“What is stopping you from complying with your mother?” I asked. She explained to me, cheeks pinking at the sensitivity of the subject, that she’d been taught in her health classes at school that FGM is bad for female reproductive health. At this point, she starts to cry. I falter, wondering if I should end the interview, before she starts to talk again.

"I’m sorry,” she says, a tear webbing between her lower lashes, stubbornly refusing to fall, “I miss her.”


“Chepkemoi*, my friend. She had the cut, but the bleeding didn’t stop. She died just after the ceremony was done.”

I let the silence linger. It didn’t feel proper to pry, but I desperately wanted to know: what did the community say about Chepkemoi’s case? Eventually, the girl’s tears subsided to sniffles, and then she seemed more or less herself again - subdued, tear-stained cheeks, but calm. Slowly, with plenty of pauses to allow her to stop me if further questions were too upsetting, I finally asked.

“They say it’s bad luck,” she said, jaw clenching involuntarily, “Because her mother comes from a different community, one that does not have the practice. They say Chepkemoi died because her mother was not cut.”

I left our interview with a creeping nausea in my stomach, wondering how so many people could collectively blame everything except for the razor blade and the hand who held it for a little girl’s death.

It was not bad luck that was to blame, but bad practices. And yet, for those determined to continue this harmful traditional practice, such mental manipulation was not only acceptable, but logical.

In these communities, stories are told often about women who have died while giving birth, yet no one seems to see the obvious connection to FGM. Hospitals show records of women with fistula, yet no one sees the connection to FGM. When a woman’s body is sewn shut or cut or otherwise mutilated, the seams and the scars do not magically disappear. And yet when these injuries inhibit safe birth – or, even in safe and satisfying sexual practices - nobody seems to comprehend the limitations of human anatomy.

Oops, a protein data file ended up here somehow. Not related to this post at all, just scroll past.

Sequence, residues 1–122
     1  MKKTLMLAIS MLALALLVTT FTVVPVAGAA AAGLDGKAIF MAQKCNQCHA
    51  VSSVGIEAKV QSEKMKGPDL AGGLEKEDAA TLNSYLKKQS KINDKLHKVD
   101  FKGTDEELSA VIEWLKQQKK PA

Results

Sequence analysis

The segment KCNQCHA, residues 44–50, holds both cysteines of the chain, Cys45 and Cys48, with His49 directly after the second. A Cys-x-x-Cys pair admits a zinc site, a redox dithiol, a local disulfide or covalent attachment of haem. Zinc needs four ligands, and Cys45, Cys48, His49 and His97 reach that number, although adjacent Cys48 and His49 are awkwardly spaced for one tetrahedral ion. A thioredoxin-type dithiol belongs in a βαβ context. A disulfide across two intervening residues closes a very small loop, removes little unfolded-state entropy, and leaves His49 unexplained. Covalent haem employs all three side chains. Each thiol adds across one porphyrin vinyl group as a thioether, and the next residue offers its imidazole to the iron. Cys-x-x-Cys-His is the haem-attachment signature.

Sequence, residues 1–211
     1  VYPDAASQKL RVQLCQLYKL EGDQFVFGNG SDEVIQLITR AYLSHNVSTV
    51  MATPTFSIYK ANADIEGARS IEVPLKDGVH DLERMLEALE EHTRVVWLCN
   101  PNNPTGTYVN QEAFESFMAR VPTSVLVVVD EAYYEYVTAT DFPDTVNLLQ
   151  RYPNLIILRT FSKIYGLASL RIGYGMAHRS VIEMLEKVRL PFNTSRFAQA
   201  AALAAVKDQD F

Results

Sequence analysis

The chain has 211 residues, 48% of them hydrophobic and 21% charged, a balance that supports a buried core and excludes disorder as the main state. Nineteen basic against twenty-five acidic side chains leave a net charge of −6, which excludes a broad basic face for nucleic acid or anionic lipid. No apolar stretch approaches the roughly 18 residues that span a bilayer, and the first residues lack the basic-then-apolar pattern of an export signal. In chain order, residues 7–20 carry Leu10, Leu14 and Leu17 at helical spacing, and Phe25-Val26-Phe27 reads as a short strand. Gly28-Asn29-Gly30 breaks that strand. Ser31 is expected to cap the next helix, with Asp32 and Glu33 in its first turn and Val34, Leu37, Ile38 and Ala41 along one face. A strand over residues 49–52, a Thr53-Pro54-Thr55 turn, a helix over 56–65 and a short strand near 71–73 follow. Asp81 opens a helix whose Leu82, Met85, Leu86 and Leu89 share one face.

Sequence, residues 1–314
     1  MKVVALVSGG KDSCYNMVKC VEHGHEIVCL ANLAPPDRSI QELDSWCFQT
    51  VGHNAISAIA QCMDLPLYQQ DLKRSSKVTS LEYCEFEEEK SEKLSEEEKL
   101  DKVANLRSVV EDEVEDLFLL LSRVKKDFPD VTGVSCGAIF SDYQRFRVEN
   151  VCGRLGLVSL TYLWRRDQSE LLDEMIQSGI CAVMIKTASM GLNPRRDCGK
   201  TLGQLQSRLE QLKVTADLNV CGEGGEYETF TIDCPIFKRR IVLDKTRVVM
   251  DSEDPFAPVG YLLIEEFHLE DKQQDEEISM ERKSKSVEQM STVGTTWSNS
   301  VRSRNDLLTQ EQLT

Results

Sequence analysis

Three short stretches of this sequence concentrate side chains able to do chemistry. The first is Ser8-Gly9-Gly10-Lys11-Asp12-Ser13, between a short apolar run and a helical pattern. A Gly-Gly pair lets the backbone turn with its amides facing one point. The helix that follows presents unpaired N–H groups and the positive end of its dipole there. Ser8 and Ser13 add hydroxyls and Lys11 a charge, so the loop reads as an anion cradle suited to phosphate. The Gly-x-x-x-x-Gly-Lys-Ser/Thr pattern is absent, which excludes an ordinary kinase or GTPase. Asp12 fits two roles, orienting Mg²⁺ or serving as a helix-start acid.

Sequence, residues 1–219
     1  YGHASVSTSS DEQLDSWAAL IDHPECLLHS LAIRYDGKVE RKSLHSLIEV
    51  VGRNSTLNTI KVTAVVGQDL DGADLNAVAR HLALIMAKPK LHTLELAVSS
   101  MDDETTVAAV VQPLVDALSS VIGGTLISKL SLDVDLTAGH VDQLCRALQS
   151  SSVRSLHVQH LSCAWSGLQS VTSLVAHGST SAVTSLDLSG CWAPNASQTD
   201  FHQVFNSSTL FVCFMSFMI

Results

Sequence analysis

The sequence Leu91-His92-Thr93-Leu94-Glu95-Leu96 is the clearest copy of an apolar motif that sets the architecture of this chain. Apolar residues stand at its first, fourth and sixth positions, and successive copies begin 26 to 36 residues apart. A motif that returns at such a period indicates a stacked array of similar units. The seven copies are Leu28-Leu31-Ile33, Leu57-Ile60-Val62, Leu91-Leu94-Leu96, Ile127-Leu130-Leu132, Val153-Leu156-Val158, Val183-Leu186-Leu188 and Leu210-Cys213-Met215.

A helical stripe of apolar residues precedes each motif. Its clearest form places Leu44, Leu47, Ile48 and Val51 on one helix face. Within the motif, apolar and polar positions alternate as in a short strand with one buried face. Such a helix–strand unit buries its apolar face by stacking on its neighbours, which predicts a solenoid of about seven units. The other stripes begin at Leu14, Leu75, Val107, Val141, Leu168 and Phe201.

Whilst Kenyan anti-FGM activists have worked hard alongside the law, stories such as these make it clear that community perceptions must be changed to ensure an erasure of FGM so that no more lives are lost unnecessarily. There is need to structure messages for the community that will demystify all myths around FGM, so that communities in Kenya can truly understand that these harmful practices not only violate the human rights for young girls and women, but reflect poorly on those who encourage its pervasiveness. Culturally-appropriate tools should be developed to help these messages gain traction within the community until it is seen as infallible truth, and not a starting point for negotiated debate. We should engage thought leaders and respected community members to speak loudly and openly against FGM to create social change and impact. Young people should be aware of their rights, unafraid of the truth, and use their considerable vigor and sense of justice to to call upon policy makers to move beyond anti-FGM law in Kenya, and towards meaningful cultural change - not just in Kenya, but as a role model for so many other countries in Africa.

*names of the women have been changed for the purposes of privacy and confidentiality.